I chose today’s piece to celebrate a neighborhood in Paris, called the Marais, where I spent a lot of time during a semester of my senior year abroad in Paris in 1977. The piece was written by the 18th Century French composer, Marin Marais, and the Marais was considered the Jewish quarter of Paris, and my friend, a budding Canadian painter named David Maes, house sat there for a while. In all honesty, I hadn’t heard this piece when I lived in Paris. It came to me via a friend, who’d heard it in a film called “Tous Les Matins Du Monde,” which was about the life of Marais.
I chose it for three reasons. First, because of the composer’s last name, which makes me wonder whether it was an alias he adopted because of living in that neighborhood. According to one guide book I have, the Marais was the cultural heart of Paris during the reign of Louis XVI. My second reason for choosing it has to do with the work’s name. The “sonnerie” is a rythmic and melodic peal of bells. Thus the composer was trying to imitate the sound of the bells from a particular church in Paris. That church was St. Genevieve Du Mont which lay behind Shakespeare and Company on an eponymous street that ran down from the Sorbonne to the Rue des Ecoles. One of the Vietnamese restaurants where David and I used to eat sat on that street. Finally, I chose the piece because it is, simply, quite beautiful. It is a kind of canon built on a four beat melody that has a kind of self-propelled dynamism that carries you along. The lead instrument is the viola da gamba, a smaller cousin (and precursor) of the cello on which Marais was a virtuoso.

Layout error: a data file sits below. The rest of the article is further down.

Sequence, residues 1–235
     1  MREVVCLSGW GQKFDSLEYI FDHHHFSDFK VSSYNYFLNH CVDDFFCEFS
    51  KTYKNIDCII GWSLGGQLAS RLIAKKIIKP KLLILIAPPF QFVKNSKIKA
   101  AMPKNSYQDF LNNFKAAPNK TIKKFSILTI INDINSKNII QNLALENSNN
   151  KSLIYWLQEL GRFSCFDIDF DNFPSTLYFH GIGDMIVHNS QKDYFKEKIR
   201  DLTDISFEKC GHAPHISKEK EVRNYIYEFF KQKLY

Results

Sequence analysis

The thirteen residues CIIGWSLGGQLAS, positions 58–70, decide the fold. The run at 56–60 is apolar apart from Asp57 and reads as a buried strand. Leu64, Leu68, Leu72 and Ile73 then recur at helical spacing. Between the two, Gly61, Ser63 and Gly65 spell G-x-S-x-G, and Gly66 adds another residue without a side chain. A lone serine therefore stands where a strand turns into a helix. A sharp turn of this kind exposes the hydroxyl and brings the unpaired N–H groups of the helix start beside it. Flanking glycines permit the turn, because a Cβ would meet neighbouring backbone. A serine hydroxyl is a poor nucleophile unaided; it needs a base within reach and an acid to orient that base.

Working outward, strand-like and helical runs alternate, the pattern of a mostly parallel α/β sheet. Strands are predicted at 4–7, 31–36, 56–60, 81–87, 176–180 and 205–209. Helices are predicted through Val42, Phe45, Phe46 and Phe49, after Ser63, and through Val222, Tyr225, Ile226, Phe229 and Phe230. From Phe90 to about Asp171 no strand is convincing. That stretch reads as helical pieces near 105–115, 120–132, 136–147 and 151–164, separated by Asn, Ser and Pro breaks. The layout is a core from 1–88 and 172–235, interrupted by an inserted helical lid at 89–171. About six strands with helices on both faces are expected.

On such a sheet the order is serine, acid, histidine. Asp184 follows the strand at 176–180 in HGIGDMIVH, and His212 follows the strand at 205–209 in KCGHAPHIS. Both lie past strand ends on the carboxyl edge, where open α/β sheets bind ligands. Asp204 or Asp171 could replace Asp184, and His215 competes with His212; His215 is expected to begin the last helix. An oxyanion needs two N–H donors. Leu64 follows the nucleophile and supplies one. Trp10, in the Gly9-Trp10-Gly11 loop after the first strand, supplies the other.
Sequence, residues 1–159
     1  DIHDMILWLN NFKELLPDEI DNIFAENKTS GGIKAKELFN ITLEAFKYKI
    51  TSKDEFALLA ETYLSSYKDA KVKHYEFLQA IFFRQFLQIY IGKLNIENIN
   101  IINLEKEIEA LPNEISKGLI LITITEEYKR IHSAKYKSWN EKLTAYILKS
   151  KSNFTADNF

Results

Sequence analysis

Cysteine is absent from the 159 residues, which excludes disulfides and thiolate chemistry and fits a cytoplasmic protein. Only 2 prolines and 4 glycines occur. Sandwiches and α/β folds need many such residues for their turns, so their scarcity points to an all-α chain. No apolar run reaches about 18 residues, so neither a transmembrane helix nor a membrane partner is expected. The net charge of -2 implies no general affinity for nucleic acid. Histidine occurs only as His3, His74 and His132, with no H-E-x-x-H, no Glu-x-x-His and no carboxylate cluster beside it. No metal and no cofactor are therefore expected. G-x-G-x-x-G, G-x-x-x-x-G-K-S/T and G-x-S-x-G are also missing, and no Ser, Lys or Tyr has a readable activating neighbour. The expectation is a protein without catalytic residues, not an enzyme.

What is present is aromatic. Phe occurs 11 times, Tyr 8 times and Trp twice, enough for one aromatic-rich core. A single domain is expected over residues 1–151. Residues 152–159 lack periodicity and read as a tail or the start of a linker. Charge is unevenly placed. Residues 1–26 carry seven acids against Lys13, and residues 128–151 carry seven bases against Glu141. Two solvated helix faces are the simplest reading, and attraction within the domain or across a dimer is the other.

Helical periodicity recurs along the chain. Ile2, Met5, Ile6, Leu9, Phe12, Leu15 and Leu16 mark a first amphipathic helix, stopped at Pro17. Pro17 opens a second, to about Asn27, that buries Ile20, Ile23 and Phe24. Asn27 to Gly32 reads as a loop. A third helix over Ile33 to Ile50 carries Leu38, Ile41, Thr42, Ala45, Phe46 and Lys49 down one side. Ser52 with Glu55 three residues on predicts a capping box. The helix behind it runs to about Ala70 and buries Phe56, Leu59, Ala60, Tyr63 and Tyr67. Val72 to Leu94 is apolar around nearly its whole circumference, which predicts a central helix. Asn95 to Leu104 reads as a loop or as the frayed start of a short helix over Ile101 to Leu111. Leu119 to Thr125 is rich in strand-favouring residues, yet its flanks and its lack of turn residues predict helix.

Cleanliness and Godliness in the Marais
Like most Americans, I am obsessed by cleanliness and daily feel compelled to have a morning ablution in the shower before braving the world. A French friend of mine recently told me that like her compatriots, she did not share that same obsession and showered only once a week. I wonder, therefore, if things have really changed that much since 1977 when I was living in Paris. Back then, out of necessity, people conserved water and electricity, and the bookstore where I stayed, Shakespeare and Company, only had a shower in a small cupboard under the stairs that also served as a Turkish (i.e., squatting) toilet. The alternative were dank and smelly public showers where for a fee you could go and worry for about a half hour about being robbed or picking up some horrible foot disease.
Thus, when I returned to Paris from my two-week hitchhiking trek to Barcelona the day before Easter, I made a beeline to the apartment where my friend, the painter, David Maes lived, in the Marais. David hailed from Montreal, and his father had given him a letter of introduction to two famous Canadian painters before he arrived. One of them painted trompe l’oeuil murals on the sides of buildings. The other was a successful portrait painter and had been commissioned to paint Pierre Trudeau’s portrait. While he was in Canada, he asked David to live in his flat. This was not just to take care of it, it was also to keep an eye on his lover, the other artist, who was dying of cancer. The latter was a grumpy old man with a large beard and an even larger, overweight cat that lurked about the place. David had told me before I left for Barcelona that the flat had a nice bathroom with a real tub and I was welcome to use it when I returned.
What a flat it was! The Marais is one of the most historically intact neighborhoods in Paris. It dates from the middle ages when the Knights of the Templar drained a swamp (Marais=”Swamp” in French) and built an outpost for itself on the present Square Du Temple starting in the 12th Century. It is a maze of winding narrow streets lined by half-timbered medieval buildings. When David lived there in 1977, it was a working-class neighborhood with a large Jewish population and significant number of Algerians and Vietnamese.